Inhalers A-Z

How to use

Inhalers- how to use-Pressurised Metered Dose Inhalers (pMDIs)

Also known as pump inhalers, these are the most commonly used inhaler devices. They are propellent-based and deliver a specific, amount of medication to the lungs, in the form of aerosol spray; which needs to be inhaled. It releases reproducible doses every time on actuation. This means that the same amount of dose is released every time. These inhalers do not depend upon the patient’s inhalation to trigger the release of the drug. They require co-ordination between the actuation of the canister and inhalation of the dose. To put it simply, you must inhale at the exact moment when the canister is pressed and the dose is released. pMDIs also come with a dose counter, making it easy to keep a track of the number of puffs remaining in the device.

Inhalers- how to use-Zerostat VT Spacer

This device holds the medication for a little while after the pMDI’s actuation. Thus, the spacer helps you inhale all the medication, even if you do not inhale exactly at the same time when the canister is pressed for actuation.

Inhalers- how to use-Baby mask

If you or your child is unable to hold the Zerostat VT Spacer’s mouthpiece properly, you can attach the baby mask to the Zerostat VT Spacer and then use the pMDI.

Inhalers- how to use-Huf Puf Kit

The spacer and baby mask come preassembled in a Huf Puf Kit. As it is preassembled, it helps deliver the medication quickly in case of an emergency and saves time.

Inhalers- how to use-Dry Powder Inhalers (DPIs)

These types of inhalers deliver the medication in a dry powder form. DPIs are breath-actuated devices, which depend on your inhalation, to release the medication from the device. In comparison to the pMDIs, these are easier to use as they don’t need propellants and co-ordination. Usually, DPIs are single dose devices, although multi-dose DPIs are available as well.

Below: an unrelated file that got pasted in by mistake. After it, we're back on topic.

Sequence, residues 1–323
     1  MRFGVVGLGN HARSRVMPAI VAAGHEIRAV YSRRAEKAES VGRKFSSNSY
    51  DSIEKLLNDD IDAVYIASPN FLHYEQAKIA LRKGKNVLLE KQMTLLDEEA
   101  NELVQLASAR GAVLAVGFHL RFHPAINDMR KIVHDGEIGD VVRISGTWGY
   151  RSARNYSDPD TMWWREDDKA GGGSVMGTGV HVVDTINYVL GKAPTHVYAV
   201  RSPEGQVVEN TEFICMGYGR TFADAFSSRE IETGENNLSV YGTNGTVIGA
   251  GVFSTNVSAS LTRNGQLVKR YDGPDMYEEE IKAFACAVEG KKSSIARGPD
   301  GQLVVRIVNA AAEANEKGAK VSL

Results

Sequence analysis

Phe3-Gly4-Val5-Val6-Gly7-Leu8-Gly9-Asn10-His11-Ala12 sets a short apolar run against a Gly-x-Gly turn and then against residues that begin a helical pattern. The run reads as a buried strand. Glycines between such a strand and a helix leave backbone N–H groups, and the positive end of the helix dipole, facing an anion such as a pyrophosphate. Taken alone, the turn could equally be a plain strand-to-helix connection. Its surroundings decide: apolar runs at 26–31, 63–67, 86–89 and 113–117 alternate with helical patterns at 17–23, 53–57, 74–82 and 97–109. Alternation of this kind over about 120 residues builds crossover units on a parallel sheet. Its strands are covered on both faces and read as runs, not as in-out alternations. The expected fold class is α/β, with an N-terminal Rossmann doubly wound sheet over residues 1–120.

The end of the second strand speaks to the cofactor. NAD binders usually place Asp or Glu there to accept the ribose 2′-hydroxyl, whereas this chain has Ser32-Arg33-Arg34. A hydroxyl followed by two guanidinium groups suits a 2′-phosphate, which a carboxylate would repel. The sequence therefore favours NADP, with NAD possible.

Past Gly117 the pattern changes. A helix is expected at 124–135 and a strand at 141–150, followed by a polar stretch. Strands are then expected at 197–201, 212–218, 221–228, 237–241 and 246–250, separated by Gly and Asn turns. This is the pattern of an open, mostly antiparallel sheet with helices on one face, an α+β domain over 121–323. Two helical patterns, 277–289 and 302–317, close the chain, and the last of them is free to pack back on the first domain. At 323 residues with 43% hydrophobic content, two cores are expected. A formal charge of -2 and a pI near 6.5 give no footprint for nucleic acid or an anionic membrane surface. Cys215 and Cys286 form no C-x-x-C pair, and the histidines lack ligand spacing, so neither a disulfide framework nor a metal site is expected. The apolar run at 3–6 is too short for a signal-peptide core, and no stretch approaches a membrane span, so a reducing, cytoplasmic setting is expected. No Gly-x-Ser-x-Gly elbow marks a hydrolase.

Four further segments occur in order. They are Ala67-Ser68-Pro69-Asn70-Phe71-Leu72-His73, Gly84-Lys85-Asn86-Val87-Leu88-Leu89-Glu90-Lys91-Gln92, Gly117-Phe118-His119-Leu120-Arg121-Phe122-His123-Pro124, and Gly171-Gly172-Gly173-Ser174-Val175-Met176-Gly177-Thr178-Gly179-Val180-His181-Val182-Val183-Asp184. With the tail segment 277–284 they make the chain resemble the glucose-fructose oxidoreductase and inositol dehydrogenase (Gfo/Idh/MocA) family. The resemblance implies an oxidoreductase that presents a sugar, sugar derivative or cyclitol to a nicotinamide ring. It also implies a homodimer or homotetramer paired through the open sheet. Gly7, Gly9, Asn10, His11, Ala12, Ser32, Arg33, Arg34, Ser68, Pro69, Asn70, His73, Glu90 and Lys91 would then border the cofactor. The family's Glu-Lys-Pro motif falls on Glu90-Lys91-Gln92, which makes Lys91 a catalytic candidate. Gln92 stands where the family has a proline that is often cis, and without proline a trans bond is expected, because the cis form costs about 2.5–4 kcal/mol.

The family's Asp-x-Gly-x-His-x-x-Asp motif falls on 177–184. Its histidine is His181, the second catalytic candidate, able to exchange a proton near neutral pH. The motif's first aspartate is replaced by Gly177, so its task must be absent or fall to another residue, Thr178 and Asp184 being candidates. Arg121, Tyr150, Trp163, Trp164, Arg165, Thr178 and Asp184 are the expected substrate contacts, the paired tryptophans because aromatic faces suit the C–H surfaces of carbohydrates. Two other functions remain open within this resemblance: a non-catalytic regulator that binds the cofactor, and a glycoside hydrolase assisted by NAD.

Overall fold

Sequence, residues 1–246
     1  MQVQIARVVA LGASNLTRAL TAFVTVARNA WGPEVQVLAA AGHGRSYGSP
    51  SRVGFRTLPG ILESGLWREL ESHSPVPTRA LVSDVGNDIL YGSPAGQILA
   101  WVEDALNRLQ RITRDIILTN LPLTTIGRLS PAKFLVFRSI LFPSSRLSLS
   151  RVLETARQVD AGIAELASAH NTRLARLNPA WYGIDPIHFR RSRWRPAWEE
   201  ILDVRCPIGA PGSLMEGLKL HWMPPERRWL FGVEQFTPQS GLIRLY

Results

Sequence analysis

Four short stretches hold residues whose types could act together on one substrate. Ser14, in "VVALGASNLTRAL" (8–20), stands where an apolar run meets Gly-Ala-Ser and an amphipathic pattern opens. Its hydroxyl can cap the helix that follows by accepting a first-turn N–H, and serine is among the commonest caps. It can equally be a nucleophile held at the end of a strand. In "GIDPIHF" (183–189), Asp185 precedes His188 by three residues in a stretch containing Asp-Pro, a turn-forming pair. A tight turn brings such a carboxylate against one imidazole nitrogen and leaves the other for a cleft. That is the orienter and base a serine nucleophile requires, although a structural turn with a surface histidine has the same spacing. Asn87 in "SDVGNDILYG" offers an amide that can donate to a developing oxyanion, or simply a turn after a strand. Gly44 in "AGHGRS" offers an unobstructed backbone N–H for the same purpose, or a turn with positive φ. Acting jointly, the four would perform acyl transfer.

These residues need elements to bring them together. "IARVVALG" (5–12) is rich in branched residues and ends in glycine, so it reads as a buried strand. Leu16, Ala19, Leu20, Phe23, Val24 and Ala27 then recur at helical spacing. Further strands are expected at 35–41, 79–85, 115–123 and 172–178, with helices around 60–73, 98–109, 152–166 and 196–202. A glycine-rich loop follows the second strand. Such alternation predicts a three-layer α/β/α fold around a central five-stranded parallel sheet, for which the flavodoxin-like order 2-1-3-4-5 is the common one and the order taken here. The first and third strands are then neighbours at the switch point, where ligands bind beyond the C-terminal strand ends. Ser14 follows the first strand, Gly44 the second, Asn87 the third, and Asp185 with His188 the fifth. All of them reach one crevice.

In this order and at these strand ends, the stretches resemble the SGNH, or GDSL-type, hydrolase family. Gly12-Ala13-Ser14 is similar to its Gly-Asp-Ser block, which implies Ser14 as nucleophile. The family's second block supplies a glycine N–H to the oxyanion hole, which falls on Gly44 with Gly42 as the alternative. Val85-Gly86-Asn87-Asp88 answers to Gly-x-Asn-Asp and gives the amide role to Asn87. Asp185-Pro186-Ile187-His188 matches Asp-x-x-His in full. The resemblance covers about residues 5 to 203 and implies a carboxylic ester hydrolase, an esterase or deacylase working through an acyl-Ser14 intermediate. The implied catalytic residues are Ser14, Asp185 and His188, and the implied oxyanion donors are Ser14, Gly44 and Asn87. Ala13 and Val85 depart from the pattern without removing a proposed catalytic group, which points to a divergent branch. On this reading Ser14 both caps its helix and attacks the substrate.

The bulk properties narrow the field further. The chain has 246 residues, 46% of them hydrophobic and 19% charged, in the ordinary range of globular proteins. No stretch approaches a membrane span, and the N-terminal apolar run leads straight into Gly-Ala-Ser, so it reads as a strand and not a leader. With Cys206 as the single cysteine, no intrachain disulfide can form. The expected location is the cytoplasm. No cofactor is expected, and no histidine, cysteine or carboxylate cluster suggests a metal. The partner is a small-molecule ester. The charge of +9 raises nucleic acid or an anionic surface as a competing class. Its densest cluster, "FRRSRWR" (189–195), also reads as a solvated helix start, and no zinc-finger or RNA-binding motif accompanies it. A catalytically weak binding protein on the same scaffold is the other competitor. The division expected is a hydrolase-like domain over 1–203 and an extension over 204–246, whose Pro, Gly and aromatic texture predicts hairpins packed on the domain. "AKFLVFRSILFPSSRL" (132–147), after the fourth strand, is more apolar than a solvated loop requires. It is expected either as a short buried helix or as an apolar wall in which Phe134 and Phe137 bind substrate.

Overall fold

Revolizer

The Revolizer is an easy to use DPI, usually used with various Rotacaps. It provides an accurate medication dose and a more efficient dispersal, even when the inhalation flow rates are low.

Inhalers- how to use-Rotahaler

Completely transparent, the Rotahaler enables you to make sure that you have inhaled the medication’s entire dose.

Inhalers- how to use-Breath Actuated Inhalers (BAIs)

An advanced version of the pMDI technology, the breath-actuated inhaler combines the advantages of a pMDI and DPI. The BAI senses your inhalation through an actuator, and releases the medication automatically.

Autohaler

The autohaler is by far easier to use than a pMDI and some of the DPIs. It can be used effectively by everyone – children, adults and elderly.

Inhalers- how to use-Nebulizers

Unlike pMDIs and DPIs, nebulizers convert the liquid medication into suitable aerosol droplets, which are best suited for inhalation. Nebulizers do not require coordination and deliver the medication quickly and effectively to the lungs in the form of a mist. Nebulizers are preferred during asthma attacks, in infants, children, the elderly, critical, unconscious patients, and those who cannot use a pMDI or DPI effectively.

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